At only 18 years old, Madison Schlagel of Magnolia, Texas, has already made a name for herself in the dog world and is active in the Conformation ring. Madison owns and competes with three dogs: a Pointer named Daykene I Just Can’t Help Myself (“Vice”), a Newfoundland named GCHB Bear N Mind’s I’m Meant For Something Special DN CGC (“Zeke”), and a Great Dane FenDaneSylcrest Going With the Flow CGC TKI (“River”). Madison also co-owns and shows a Petit Basset Griffon Vendeen: Tetu’s Mon Petite Chou de Barrique (“Cabbage”), and two Beagles named GCHS WolfRun Sam I Am (“Sam”) and GCHG BluePrints Bricks N Ivy (“Ivy”).
How It All Began
Schlagel has been active in dog sports since she was nine. She first got a taste for dog sports while working with her family’s Newfoundlands when they got involved with water rescue training. “We competed in various performance events before getting our first show dog in 2013 and I’ve been hooked ever since,” Schlagel notes.
Today, she and her dogs primarily compete in Conformation and Water Work—a sport that tests and builds on the natural drive of Newfoundlands to retrieve in water and from boats. Water tests measure a Newfoundland dog’s ability to save a human life by demonstrating basic obedience on land near water, retrieving bumpers and life jackets, swimming to deliver a rope, towing a boat, and, at higher levels, even leaping from a boat to “save” a handler, and rescue an “unconscious” victim, amongst other challenging tests.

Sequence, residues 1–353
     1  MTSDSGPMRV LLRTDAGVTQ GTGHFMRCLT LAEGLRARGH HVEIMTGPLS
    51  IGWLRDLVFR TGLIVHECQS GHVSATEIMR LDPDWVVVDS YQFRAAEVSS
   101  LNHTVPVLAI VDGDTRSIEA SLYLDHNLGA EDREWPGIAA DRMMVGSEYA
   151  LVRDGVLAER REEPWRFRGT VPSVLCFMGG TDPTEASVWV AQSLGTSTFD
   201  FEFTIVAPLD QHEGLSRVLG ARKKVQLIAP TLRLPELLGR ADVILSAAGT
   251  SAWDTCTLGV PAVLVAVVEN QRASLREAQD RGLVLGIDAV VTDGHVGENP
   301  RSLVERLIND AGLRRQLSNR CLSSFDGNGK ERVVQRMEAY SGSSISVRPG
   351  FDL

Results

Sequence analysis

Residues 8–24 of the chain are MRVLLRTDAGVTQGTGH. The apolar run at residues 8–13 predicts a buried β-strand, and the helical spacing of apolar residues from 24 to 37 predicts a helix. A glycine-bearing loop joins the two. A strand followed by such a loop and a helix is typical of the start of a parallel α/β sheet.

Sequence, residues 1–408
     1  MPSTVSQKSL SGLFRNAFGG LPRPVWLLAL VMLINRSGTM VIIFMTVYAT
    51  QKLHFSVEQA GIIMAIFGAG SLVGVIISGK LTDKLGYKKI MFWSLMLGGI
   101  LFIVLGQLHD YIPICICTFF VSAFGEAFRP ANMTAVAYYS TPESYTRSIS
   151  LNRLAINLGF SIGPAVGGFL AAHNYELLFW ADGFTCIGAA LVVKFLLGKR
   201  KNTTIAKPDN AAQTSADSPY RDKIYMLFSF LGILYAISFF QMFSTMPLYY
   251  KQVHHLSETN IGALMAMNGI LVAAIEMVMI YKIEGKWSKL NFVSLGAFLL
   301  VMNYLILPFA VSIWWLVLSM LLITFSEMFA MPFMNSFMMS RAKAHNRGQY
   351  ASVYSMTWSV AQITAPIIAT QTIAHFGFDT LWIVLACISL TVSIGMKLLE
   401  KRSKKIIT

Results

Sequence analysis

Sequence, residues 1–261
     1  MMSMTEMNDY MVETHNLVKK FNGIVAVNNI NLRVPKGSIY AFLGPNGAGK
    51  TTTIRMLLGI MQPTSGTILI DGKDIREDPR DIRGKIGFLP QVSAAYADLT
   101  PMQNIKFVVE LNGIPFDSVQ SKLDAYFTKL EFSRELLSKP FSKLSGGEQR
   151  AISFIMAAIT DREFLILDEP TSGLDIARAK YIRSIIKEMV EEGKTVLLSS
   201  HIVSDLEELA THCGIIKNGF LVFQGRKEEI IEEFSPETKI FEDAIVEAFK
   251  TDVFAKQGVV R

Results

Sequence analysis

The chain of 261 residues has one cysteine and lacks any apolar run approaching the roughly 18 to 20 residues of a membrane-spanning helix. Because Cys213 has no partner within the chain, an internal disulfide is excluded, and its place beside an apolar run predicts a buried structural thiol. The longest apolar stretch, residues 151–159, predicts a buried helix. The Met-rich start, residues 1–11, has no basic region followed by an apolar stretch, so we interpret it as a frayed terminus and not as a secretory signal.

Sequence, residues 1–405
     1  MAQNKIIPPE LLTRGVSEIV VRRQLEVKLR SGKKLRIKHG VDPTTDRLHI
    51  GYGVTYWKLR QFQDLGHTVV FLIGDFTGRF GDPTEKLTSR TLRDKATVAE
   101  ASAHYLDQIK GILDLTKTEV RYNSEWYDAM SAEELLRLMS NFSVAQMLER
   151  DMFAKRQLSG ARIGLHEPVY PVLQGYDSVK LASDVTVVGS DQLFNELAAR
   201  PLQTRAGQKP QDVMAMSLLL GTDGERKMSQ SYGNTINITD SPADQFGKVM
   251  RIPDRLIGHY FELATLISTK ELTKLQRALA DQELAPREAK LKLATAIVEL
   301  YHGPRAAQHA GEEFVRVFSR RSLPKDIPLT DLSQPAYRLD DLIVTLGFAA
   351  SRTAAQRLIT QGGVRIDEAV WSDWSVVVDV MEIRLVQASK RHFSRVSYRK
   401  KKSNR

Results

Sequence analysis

“The thing that I love most about competing in water rescue is being able to see our Newfs doing what they were historically bred for,” Schlagel explains. “Watching a dog that is happy and working away is like nothing else.” Schlagel also competes with her dogs in Dock Diving and credits the sport with having helped them in the breed ring. “It has provided a wonderful outlet for our dogs both mentally and physically,” she says. “Not only does it help to foster their natural drive for water and build their confidence, but it’s also a great way to keep them conditioned for the Conformation ring.”
Schlagel has been #1 Newfoundland Owner-Handled All systems for the past two years and a top Newfoundland Junior for the past five years. As impressive as these wins are, she says that what is most important for her is the relationship she has developed with her dogs and seeing them “show their hearts out.” One of her favorite parts of showing dogs, she adds, is that as a handler “you are constantly learning, whether it be about grooming, handling techniques, or breed histories.”
For Schlagel, one of her proudest dog show moments to date has been with her dog Cabbage, as they won Best of Winners at the 2020 Petit Basset Griffon Vendéen National Specialty. “I was on cloud nine to have been awarded such an incredible placement at a National Specialty among such a great entry of dogs.” Another thing she loves about showing is the opportunity to continually improve and challenge herself to be better. She says the National Specialty win “was especially emotional for me because it was a reminder of how far I’ve come in the breed from where I began and how much I’ve grown as a handler.”